NewsAnalysis: risk and opportunity of climate change?

FOUR TIMES as many businesses and households could be at risk from flooding in 20 years’ time. On the flipside, businesses are also being warned about water use. Droughts have already affected parts of the UK this year and they are set to become the norm rather than the exception.


Most food businesses are aware of the issues that a changing climate could bring. Seasonal changes have caused disruption to services – for example, heavy snow last year delayed some deliveries to pubs and hotels, while flooding this year caused damage to a number of businesses. It’s not on the scale of, say, Queensland (where 30% of one chain’s restaurants flooded), but businesses are being affected.


For those in the food industry, the major concern, however, is supply. This year’s wheat harvest is a case in point, but businesses are preparing for the frequency of shortages and market fluctuations to increase.


But does a changing climate only bring risks? Are there opportunities for food businesses too? New crops, new products and new services, perhaps?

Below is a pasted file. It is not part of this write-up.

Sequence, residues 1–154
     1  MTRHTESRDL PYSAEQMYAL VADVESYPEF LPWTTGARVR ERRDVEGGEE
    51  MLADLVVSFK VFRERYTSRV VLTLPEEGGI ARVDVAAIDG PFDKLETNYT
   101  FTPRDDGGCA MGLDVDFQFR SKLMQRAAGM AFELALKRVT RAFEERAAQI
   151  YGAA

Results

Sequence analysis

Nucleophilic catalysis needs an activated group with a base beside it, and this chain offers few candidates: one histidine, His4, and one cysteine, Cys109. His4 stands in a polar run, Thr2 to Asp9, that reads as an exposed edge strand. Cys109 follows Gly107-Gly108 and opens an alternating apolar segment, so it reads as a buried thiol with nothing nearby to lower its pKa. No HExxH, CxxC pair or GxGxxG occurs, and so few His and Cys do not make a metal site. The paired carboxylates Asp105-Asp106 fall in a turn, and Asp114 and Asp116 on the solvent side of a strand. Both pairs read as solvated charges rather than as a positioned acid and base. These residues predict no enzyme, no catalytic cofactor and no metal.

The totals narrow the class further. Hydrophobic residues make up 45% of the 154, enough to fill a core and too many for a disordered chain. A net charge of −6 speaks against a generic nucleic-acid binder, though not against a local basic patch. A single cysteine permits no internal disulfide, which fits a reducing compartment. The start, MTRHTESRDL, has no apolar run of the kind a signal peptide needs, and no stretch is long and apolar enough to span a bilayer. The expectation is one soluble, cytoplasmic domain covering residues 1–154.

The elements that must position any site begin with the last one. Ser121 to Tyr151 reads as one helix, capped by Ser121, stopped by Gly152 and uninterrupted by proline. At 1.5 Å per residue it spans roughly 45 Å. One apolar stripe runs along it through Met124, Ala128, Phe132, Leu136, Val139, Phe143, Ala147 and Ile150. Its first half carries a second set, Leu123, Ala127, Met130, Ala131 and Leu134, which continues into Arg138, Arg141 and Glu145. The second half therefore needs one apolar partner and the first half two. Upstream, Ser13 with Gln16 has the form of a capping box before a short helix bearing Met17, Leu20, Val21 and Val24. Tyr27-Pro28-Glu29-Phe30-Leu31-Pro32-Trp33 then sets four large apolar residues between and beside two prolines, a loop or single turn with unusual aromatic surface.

According to a new government study: yes. Commissioned by the Department for Environment, Food and Rural
Affairs (DEFRA), “Climate Change Adaptation: Risk and Opportunities for Businesses in the South East of England” is based on interviews with leaders of global Fortune 500 blue- chip companies and smaller, UK-based companies across the south-east in five target sectors, each identified as particularly vulnerable to climate change effects. Interviewees included a number of foodservice businesses ranging from global fast food restaurants, international hotel and coffee house chains to UK-based contract catering companies with public-sector and business clients.


Many of these businesses are already experiencing change, says Belinda Miller, the director of insight at Corporate Culture, the agency commissioned to carry out the study.


“Rising crop prices have led most to actively seek new sources of ingredients and build new supply chains for the future,” she explains. “This includes moving away from barley or wheat to hardier crops less affected by the weather and price sensitivity.”


Risk is the key driver to act – especially among food businesses. The report concludes: “Food and beverage companies were more likely to see risks than opportunities as the impact on natural resources and rising commodity prices is an immediate threat that has the potential to severely affect their bottom line. Many companies are adapting by finding new sources of raw materials and developing new supply chains to ensure business continuity.”


There is nothing wrong with couching adaptation in financial language. Miller’s team found that “every food business is doing something in terms of adaptation to climate change as a risk”. However, her concern is how few are doing anything to take advantage of the opportunities.